The Economy Flames Anger in Iran
The protests in Iran will not bring about regime change, but they may force political elites to address economic corruption that has gone on far too long.
Iranians marked the end of 2017 by pouring into streets across the country to protest against the government of President Hassan Rouhani in what has become the largest nationwide demonstrations since 2009. After almost two weeks of unrest, over 1,000 of “seditionists,” as Supreme Leader Ayatollah Khamenei calls them, have been arrested and at least 21 killed. Even though it is unclear if there was a single event that triggered the widespread protests, the outbreak of dissent should come as no surprise. Iranian society was a pressure cooker ready to explode, for all the same reasons that inspired the Arab Spring protests that rocked the Middle East.
Lack of economic opportunities, growing inflation, corruption, a widening gap between the people and the elites seem have pushed Iranians over the edge. They are bolder, more fearless and have shown tremendous resilience in the face of a growing crackdown by authorities. The 2009 Green Movement protests erupted in response to the fraudulent elections that pitted reformist Iranians against the hardline government were largely confined to the capital Tehran and made up of the middle class. This latest round of demonstrations is different: Protests erupted among low-income Iranians in the religious centers of the country like Mashad and Qom that align more closely with conservative hardliners than leftist reformists.
While the Green Movement (named after the color of Mir-Hussein Mousavi’s presidential campaign) was largely composed of pro-democracy activists, both moderates and conservatives are taking part in today’s protests. Economic grievances have provided Iranians with a common message to unite under. Both conservatives and reformists are channeling their economic frustrations toward the government and the establishment as a whole, seen in slogans like “Death to Rouhani!” and “Death to Khamenei!” Many consider criticizing the supreme leader as a red line that few in 2009 have dared to cross.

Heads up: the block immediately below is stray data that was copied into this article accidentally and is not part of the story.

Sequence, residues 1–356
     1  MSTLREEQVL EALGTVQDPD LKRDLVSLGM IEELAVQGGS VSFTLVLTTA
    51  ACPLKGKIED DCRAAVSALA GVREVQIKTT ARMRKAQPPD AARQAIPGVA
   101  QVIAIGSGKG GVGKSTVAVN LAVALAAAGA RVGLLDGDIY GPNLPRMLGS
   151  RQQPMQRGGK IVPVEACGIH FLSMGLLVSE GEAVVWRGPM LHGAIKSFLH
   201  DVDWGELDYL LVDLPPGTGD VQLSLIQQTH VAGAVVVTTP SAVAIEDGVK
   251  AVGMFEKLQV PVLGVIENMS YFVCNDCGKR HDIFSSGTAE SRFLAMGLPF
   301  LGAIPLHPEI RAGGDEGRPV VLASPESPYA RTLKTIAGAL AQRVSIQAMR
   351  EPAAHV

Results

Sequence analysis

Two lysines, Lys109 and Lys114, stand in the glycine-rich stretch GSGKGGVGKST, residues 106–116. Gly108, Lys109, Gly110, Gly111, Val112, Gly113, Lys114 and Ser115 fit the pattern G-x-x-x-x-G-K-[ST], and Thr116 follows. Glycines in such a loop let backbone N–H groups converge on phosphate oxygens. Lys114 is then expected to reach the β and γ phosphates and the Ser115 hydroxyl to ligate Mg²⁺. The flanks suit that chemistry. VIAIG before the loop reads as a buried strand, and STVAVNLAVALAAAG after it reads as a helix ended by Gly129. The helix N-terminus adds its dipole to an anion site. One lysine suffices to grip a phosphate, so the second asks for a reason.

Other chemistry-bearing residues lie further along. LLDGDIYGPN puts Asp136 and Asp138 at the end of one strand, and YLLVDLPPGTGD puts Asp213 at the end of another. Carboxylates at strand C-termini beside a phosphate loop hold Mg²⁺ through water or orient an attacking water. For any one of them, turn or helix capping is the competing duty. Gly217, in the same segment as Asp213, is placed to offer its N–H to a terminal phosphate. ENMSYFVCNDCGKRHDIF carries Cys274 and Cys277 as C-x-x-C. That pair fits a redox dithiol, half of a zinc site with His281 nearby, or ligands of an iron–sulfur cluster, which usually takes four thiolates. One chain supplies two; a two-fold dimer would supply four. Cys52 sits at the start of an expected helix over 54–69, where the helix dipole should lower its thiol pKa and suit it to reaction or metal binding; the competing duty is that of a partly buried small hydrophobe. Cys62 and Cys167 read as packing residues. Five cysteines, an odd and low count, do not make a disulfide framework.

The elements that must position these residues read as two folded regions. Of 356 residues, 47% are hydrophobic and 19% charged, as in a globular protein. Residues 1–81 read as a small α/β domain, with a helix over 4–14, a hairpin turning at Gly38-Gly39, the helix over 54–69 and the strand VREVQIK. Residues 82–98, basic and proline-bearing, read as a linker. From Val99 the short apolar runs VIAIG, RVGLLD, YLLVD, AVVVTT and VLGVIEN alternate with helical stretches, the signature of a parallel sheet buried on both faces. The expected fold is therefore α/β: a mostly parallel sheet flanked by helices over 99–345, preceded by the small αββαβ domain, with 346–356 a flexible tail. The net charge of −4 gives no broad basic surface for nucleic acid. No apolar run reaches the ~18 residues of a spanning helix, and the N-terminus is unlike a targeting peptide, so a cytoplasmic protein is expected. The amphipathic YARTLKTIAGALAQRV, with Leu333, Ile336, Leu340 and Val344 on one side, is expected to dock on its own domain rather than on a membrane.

Iranians understand that declining living standards are not the fault of the president alone. While some of the country’s economic woes can be attributed to Rouhani’s policies, many have been institutionalized within the system of government and long precede his presidency. This past summer during a radio interview, the son of a reformist leader Mohammad Reza Aref credited his business success to “good genes” from his parents, sparking public outcry and reopening a debate on nepotism in Iran. Iranians took to Twitter to mock the children of elites, or aghazadeh — Persian for “noble-born.” One tweet particularly captured the sentiment of Iranians well: “What is aghazadeh? A person who’s had nothing to do with success in his life and was only at the right place, at the right time.”
Nepotism propels economic corruption in Iran and has long been a source of grievance toward the government, not to mention a hindrance to economic growth. Both hardliners and reformists alike benefit from the entrenched culture of nepotism as demonstrated by a report from IranWire, which revealed the high positions held by relatives of some of Iran’s most affluent elites.
Nepotism is only one contributing factor to what is rampant economic corruption in Iran. News reports expose that while millions of employees of the Central Insurance Company earned only a few hundred dollars a month, at least eight of its managers received yearly bonuses over $50,000; others received interest-free loans from state-owned banks, many of which have not been paid back since the days of Mahmoud Ahmadinejad’s presidency. With 80% of the economy owned by the state, the most stable jobs are the government ones. However they are difficult to come by and secure because of low turnover rates, with priority often given to those with connections to political elites or the Islamic Revolutionary Guard Corps (IRGC).